"I think the most important part that really came out of that Faber podcast was him noting the observation, which I have heard elsewhere as well and made the same observation myself which is that these crisis, they started kind of smallish you know, long-term capital management that was a gigantic, gigantic problem back in 1998. It was about a $3 billion hiccup, right? Which was huge at the time. It was an unthinkable amount of money. Federal Reserve and Greenspan had to intervene. Now, we look at that and just laugh; $3 billion? Really? Oh, that’s nothing. That’s Tuesday morning for the Federal Reserve now. "

Yeah... to think we used to treat a mere 3000 million dollars as if it were real money... haha.. how quaint.  Now it's not real money until it's $1 Trillion...  oops, I mean 1,000,000 million dollars.   

RJE's picture
RJE
Status: Diamond Member (Offline)
Joined: Aug 31 2008
Posts: 1369
Yeh Jim, in 1966 it was 5

Yeh Jim, in 1966 it was 5 pieces of candy for a penny now it's "penny candy???, what's that?". "Ban the penny, who needs it". LOL

BOB

Augustine's picture
Augustine
Status: Bronze Member (Offline)
Joined: Oct 13 2009
Posts: 37
Not so fast

As a Brazilian, my experience was that the failure of our currency happened rather slowly in hindsight.  Inflation didn't become hyperinflation overnight, but rather crept up over the years, gaining an extra digit every few years, then every year.  So what started as double-digit inflation in the 70's, became 5-digit inflation a decade later.

Of course, people didn't expect inflation to reach 10,000% (which it did in March 1989) to start moving away from holding money or paper assets to hard assets, including the dolla, then an option, but unavailable to America now by definition.  However, this move also caused inflation on asset prices, to the point of my selling my car - bought used - for more than when I bought it when priced in dollars.

So, in a way, Chris is right that the fall of a currency can start quickly, but it takes some time for people to realize it and for its effects to be felt fully.  I think that this will be true for the dollar, since its status as world reserve currency will cause its holders to act with the power they have - power of law and of arms - to forestall its fall, until it cannot be forestalled.  As an example, the games that the EU has played with Greece, not to rescue it as advertised, but to rescue its creditors.  Once these were spared the full blunt of a Greek default, Greece is being cut loose before our very eyes.  I'd expect an analogous process to happen to the dollar - and the euro, the pound and the yen for that matter - with the difference that it wouldn't take place in a bureaucracy, but on the streets and battlefields, methinks.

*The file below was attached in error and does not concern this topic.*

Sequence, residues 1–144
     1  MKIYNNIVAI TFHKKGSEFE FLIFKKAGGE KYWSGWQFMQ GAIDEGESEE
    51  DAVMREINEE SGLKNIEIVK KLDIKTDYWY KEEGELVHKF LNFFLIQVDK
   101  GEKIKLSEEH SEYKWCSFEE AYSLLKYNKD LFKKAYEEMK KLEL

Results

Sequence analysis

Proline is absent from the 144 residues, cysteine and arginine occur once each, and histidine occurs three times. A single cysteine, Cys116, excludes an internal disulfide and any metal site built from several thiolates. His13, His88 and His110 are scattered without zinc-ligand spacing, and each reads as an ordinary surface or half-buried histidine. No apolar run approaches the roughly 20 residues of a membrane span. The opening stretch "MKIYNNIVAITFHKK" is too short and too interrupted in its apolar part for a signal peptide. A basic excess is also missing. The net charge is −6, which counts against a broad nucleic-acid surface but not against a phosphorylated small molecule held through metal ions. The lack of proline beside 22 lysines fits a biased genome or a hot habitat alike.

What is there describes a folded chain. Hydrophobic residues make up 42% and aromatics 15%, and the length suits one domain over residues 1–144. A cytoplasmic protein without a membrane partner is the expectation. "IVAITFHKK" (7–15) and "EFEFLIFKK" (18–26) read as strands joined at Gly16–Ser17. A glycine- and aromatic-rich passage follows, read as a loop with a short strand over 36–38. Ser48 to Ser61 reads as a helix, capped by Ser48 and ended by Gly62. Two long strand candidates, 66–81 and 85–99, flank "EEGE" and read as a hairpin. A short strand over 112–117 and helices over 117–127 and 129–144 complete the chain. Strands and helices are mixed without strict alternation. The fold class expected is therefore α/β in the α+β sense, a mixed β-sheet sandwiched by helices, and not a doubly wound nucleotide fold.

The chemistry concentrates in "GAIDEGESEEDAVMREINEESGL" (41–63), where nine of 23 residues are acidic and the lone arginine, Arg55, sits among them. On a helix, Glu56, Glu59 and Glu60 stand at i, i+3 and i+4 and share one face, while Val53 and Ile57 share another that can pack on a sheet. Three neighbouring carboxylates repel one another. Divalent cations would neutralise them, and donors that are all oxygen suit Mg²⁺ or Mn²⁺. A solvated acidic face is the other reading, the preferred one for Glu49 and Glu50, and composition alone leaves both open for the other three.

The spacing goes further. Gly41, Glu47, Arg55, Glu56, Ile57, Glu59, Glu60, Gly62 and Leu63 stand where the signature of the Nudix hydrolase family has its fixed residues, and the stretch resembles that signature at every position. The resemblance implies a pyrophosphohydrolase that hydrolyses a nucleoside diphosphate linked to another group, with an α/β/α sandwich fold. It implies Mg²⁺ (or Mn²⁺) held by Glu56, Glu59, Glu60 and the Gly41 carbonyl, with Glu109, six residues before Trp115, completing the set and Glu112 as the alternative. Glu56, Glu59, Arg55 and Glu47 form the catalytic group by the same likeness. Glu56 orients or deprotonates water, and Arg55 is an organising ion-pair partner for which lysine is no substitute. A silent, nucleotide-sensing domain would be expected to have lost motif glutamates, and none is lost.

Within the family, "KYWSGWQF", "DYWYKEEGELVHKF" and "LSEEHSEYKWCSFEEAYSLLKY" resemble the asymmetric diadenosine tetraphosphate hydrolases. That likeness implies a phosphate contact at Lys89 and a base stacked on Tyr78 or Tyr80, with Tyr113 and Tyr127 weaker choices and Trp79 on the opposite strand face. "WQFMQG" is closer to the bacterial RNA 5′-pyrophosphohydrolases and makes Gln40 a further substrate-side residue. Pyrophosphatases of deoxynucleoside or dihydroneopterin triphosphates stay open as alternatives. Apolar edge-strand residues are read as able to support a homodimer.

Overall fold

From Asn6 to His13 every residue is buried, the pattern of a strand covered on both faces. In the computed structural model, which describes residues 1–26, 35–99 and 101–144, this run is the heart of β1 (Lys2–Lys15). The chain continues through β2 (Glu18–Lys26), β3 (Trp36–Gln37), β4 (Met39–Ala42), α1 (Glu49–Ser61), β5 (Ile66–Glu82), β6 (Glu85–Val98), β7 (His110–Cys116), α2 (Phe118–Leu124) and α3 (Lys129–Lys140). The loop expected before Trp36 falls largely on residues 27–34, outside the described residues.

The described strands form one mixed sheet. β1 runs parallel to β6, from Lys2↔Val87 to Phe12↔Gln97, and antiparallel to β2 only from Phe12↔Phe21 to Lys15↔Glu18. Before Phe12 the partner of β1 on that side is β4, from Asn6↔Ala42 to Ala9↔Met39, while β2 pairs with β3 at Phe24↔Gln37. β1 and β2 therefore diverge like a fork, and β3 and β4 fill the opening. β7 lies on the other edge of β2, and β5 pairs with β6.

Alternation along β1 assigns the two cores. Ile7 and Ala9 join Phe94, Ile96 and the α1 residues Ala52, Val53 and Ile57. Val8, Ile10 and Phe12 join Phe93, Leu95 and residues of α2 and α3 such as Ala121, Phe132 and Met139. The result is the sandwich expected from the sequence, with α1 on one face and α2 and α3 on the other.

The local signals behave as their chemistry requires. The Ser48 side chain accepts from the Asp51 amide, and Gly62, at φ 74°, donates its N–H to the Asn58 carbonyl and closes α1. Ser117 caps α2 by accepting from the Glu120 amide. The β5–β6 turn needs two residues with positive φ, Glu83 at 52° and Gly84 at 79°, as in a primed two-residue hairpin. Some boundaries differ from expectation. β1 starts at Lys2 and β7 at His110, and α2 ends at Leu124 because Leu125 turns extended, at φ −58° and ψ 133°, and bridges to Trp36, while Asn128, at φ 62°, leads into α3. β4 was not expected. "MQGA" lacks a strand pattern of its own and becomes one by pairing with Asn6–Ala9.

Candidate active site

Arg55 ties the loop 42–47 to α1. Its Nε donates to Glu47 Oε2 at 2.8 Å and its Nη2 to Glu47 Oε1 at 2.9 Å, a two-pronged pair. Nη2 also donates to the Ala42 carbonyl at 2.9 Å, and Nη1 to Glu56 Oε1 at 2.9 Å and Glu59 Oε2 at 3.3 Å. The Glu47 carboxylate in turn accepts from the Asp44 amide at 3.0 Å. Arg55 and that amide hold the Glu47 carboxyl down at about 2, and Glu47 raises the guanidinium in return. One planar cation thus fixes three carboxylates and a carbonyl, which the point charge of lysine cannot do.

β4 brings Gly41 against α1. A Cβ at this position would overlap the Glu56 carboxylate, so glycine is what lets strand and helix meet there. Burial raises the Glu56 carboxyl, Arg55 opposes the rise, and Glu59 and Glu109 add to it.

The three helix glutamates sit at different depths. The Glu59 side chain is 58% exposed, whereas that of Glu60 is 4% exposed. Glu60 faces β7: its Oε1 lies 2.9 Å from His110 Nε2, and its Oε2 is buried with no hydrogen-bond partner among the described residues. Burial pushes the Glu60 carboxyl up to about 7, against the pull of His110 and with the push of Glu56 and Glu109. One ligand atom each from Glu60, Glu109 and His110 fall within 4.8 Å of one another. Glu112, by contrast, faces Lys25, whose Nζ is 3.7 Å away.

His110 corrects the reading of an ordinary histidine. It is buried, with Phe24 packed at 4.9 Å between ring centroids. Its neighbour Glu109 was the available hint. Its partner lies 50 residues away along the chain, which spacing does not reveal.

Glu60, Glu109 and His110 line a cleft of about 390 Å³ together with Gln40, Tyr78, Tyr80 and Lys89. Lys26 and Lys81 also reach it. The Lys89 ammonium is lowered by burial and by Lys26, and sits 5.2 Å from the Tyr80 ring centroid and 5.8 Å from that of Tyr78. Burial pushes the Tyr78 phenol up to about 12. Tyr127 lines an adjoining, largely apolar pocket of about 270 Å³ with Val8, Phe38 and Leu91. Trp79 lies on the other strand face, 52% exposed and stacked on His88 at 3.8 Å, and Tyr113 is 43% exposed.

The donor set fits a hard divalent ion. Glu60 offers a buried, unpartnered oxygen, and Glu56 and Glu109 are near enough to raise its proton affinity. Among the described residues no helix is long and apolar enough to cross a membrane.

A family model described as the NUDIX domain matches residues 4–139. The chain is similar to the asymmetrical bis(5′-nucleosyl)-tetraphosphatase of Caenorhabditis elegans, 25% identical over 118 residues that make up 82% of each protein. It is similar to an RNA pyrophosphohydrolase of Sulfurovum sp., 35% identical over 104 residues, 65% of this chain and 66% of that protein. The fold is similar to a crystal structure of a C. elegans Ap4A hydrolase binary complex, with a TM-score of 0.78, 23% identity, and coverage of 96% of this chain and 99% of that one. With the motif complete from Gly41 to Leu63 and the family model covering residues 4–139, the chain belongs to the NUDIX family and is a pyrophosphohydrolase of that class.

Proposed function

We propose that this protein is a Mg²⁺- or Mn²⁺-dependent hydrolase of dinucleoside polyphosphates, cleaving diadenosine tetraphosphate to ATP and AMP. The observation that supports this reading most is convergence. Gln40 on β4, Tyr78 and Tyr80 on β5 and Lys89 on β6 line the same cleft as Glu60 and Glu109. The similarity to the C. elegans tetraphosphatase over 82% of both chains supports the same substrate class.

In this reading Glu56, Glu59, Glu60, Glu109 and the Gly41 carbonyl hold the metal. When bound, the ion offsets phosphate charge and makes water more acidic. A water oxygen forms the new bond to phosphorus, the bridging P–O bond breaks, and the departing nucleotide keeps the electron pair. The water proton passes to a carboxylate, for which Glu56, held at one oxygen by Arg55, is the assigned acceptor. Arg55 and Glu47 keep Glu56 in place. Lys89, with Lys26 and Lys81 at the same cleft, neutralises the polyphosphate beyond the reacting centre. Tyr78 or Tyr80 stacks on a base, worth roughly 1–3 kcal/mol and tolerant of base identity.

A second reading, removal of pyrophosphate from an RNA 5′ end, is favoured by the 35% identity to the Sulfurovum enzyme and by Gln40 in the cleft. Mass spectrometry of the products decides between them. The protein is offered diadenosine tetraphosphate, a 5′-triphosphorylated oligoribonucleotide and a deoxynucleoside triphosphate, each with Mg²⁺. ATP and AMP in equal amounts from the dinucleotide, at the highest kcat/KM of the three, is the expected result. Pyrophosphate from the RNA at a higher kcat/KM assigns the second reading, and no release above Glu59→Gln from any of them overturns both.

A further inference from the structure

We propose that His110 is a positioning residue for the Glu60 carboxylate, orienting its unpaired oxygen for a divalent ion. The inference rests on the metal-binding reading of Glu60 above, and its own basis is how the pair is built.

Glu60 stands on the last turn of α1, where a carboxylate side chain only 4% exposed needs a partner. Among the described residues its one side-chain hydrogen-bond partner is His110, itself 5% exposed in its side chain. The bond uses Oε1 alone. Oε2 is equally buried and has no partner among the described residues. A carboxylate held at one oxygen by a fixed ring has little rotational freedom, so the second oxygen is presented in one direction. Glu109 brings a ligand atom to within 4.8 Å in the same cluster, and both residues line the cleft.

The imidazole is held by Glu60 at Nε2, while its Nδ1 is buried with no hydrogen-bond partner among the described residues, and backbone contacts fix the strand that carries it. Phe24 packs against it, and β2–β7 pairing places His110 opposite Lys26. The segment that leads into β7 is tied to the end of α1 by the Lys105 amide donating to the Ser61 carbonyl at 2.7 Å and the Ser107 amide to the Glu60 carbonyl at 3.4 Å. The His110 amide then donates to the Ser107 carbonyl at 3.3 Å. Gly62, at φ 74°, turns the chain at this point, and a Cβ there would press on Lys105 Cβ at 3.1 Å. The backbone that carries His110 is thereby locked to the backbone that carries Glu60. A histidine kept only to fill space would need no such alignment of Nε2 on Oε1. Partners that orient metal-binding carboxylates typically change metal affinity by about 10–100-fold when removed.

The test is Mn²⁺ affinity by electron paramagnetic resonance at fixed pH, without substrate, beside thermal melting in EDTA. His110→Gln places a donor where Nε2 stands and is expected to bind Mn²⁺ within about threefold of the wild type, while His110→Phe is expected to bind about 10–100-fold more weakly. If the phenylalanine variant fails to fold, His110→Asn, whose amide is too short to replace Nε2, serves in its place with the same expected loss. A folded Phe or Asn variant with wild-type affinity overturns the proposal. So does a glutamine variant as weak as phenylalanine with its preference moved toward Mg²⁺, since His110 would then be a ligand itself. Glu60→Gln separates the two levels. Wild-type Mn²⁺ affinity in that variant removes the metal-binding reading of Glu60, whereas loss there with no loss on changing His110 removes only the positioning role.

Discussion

This translates into giving people some time to shift away from a failing currency even after it starts, but not so much time before asset prices become inflated themselves.  Which leads to my conclusion, which agrees with Chris' recommendation, that the sooner people move to hard assets, the better their wealth will be protected, especially if this happens before their prices enter a stratospheric realm.

As a matter of fact, I'd venture to say that all major fiat currencies have stepped into a slide which they cannot jump off of.  It is an inevitability that they will all fail, so the smart time to start moving away from them is now.

 

Woodman's picture
Woodman
Status: Diamond Member (Offline)
Joined: Sep 26 2008
Posts: 1028
slow falling dollar

 I agree the death of the dollar seems more likely to be slow relative to our human time scale; debt and inflation are following exponential paths but we don't know yet where along on the "hockey stick" we really are until that sharp turn is really felt.

I take issue with the experts in the mainstreatm media I hear time to time say there no problem with our debt right now. That may be true for the moment, but it's the path we are on that will lead to trouble; e.g. Greece.  If you are on a certain trajectory, albiet however slow, if no forces counteract it then soon or later you will hit whatever you are moving towards.